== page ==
The ants on the other hand get drops of a sugar and protein food reward for their efforts.  This is produced by glands located near the rear end of the caterpillars.

  To fool the ants, the caterpillars emit chemicals called pheromones from a pair of posteriorly located, extrusible organs.  These pheromones are thought to mimic the ants own smell confusing them and preventing them from making a meal of the caterpillars.  The ants now look at the caterpillars as one of their own and nurture and protect it. A clever ploy by the caterpillars you will agree.

  Australia has more of these ant-caterpillar associations than the rest of the world in total.  In South Australia we have a number of butterfly species that are in one of these dependent ant associations.  One such is the Genoveve Azure one of the Ogyris group of butterflies.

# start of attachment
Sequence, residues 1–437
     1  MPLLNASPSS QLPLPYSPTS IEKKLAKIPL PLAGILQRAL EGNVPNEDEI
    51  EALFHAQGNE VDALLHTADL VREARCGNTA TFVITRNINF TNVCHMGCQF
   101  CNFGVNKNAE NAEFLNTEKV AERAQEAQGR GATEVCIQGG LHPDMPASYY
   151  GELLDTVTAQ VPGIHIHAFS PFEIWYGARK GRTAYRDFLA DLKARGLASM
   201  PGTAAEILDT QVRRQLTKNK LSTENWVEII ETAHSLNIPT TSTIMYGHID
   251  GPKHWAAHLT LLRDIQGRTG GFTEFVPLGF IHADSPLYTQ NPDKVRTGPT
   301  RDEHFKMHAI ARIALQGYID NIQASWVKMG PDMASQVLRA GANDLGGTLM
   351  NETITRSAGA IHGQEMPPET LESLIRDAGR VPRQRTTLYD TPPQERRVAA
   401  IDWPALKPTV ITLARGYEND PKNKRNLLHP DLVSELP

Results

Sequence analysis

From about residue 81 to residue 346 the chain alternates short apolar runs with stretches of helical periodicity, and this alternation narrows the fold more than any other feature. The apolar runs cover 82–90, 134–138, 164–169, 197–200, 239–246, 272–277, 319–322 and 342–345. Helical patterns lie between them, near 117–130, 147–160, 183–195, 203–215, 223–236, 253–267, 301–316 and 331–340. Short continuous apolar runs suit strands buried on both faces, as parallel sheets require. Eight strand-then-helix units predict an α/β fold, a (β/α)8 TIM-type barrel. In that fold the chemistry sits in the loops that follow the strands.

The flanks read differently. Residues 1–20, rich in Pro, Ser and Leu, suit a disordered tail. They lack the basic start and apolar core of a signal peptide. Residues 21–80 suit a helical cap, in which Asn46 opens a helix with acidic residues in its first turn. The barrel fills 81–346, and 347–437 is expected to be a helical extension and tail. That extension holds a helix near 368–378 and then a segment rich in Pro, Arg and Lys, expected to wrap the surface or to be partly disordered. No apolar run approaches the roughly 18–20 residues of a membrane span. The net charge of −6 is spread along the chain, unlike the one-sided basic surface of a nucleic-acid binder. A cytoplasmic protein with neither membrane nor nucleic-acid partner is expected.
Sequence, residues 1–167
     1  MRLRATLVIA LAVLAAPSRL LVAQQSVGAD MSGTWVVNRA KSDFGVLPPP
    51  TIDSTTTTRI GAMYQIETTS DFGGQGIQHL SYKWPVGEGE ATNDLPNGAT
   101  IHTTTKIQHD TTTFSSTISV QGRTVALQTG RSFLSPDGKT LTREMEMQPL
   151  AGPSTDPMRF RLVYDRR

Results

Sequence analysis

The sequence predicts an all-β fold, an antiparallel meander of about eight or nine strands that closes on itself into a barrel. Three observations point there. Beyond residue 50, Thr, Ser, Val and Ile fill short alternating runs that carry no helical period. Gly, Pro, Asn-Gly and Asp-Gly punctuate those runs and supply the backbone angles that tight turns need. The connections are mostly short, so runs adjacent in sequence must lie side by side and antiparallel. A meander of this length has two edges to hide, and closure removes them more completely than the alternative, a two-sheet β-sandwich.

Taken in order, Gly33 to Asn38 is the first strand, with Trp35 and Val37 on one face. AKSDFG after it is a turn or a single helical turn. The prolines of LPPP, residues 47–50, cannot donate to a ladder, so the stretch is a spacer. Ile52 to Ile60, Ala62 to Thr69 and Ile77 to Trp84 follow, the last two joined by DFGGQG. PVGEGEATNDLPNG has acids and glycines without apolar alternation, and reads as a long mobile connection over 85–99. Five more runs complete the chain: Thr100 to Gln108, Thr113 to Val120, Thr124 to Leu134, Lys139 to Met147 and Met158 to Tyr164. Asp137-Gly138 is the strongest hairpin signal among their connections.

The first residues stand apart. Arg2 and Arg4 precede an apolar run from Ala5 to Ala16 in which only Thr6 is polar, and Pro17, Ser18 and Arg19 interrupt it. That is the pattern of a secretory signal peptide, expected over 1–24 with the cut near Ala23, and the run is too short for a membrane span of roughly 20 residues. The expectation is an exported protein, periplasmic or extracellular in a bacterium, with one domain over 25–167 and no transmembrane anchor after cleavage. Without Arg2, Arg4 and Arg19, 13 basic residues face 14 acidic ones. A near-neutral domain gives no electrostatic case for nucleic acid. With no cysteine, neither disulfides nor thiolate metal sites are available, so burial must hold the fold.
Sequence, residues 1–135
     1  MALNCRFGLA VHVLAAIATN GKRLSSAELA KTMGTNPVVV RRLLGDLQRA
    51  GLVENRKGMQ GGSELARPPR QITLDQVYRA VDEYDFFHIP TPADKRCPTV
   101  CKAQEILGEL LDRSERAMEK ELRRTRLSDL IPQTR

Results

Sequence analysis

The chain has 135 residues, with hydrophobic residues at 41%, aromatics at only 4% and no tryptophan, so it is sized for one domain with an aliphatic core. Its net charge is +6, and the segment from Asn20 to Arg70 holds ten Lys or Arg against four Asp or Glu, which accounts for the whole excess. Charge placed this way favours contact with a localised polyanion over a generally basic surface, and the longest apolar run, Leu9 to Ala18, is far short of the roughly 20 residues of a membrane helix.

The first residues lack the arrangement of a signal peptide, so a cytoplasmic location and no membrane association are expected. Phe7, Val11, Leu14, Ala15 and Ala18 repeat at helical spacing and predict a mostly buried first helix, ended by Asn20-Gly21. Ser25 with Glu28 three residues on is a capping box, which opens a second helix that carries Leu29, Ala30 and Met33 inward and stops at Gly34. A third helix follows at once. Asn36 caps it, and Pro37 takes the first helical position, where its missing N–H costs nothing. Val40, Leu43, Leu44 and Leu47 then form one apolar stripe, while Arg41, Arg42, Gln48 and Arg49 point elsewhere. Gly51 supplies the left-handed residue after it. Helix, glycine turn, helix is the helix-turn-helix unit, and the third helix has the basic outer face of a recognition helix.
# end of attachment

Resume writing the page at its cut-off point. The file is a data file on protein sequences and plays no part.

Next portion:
Many "blue" butterflies have extremely interesting life histories though some still remain elusive; Ogyris idmo is such an example. Though known to science for over 100 years still has not had its life history documented. 

  The Ogyris butterflies are amongst the largest of Australia's blues.  Despite their iridescent blue and purple colours, they are rarely seen by the public.  There are a few rreasons for this: Firstly they fly rapidly, often high up in the tree canopy circling around mistletoe clumps that the caterpillars feed upon.  Secondly their undersides are marked with "bark like" cryptic patterns and colouration allowing them to camouflage well when resting with their wings closed over their backs.